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From hybridomas to a robust microalgal-based production platform: molecular design of a diatom secreting monoclonal antibodies directed against the Marburg virus nucleoprotein

Hempel, Franziska ; Maurer, Michael ; Brockmann, Björn ; Mayer, Christian ; Biedenkopf, Nadine ; Kelterbaum, Anne ; Becker, Stephan ; Maier, Uwe G.

In: Microbial Cell Factories, 16 (2017), Nr. 131. pp. 1-10. ISSN 1475-2859

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Download (4MB) | Lizenz: Creative Commons LizenzvertragFrom hybridomas to a robust microalgal-based production platform: molecular design of a diatom secreting monoclonal antibodies directed against the Marburg virus nucleoprotein by Hempel, Franziska ; Maurer, Michael ; Brockmann, Björn ; Mayer, Christian ; Biedenkopf, Nadine ; Kelterbaum, Anne ; Becker, Stephan ; Maier, Uwe G. underlies the terms of Creative Commons Attribution 3.0 Germany

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Abstract

Background: The ideal protein expression system should provide recombinant proteins in high quality and quantity involving low production costs only. However, especially for complex therapeutic proteins like monoclonal antibodies many challenges remain to meet this goal and up to now production of monoclonal antibodies is very costly and delicate. Particularly, emerging disease outbreaks like Ebola virus in Western Africa in 2014–2016 make it necessary to reevaluate existing production platforms and develop robust and cheap alternatives that are easy to handle. Results: In this study, we engineered the microalga Phaeodactylum tricornutum to produce monoclonal IgG antibodies against the nucleoprotein of Marburg virus, a close relative of Ebola virus causing severe hemorrhagic fever with high fatality rates in humans. Sequences for both chains of a mouse IgG antibody were retrieved from a murine hybridoma cell line and implemented in the microalgal system. Fully assembled antibodies were shown to be secreted by the alga and antibodies were proven to be functional in western blot, ELISA as well as IFA studies just like the original hybridoma produced IgG. Furthermore, synthetic variants with constant regions of a rabbit IgG and human IgG with optimized codon usage were produced and characterized. Conclusions: This study highlights the potential of microalgae as robust and low cost expression platform for monoclonal antibodies secreting IgG antibodies directly into the culture medium. Microalgae possess rapid growth rates, need basically only water, air and sunlight for cultivation and are very easy to handle.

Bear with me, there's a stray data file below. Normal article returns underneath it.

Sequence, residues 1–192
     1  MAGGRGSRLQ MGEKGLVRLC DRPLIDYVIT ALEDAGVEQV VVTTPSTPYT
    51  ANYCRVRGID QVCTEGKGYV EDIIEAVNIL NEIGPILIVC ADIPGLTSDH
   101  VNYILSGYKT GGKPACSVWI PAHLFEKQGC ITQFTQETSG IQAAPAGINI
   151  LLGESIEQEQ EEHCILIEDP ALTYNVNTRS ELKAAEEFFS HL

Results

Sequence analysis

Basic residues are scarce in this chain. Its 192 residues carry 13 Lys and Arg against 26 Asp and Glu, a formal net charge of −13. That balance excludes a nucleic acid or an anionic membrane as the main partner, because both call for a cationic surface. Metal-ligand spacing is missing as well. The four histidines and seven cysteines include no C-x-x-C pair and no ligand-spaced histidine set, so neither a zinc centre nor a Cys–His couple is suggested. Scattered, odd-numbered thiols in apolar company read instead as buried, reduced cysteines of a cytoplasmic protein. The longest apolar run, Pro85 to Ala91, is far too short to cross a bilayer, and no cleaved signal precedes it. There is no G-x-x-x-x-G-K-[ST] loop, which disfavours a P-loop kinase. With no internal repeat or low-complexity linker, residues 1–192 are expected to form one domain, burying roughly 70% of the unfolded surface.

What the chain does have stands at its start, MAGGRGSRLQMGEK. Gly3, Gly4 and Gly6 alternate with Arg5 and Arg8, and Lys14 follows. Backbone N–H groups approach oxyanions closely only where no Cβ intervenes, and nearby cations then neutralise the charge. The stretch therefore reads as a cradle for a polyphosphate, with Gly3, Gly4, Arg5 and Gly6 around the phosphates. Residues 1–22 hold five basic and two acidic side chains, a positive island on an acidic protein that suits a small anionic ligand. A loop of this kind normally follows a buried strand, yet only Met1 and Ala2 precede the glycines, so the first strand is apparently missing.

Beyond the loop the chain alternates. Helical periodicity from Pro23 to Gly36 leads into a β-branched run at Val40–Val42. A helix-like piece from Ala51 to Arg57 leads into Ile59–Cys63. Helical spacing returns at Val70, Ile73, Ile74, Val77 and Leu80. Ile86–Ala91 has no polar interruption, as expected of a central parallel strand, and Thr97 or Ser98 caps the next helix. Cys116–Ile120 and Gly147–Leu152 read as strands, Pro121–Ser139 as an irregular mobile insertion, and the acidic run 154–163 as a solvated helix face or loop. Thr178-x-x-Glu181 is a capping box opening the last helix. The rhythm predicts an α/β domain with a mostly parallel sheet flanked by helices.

Item Type: Article
Journal or Publication Title: Microbial Cell Factories
Volume: 16
Number: 131
Publisher: BioMed Central
Place of Publication: London
Date Deposited: 03 Aug 2017 09:29
Date: 2017
ISSN: 1475-2859
Page Range: pp. 1-10
Faculties / Institutes: Service facilities > Center for Molecular Biology Heidelberg
Subjects: 570 Life sciences
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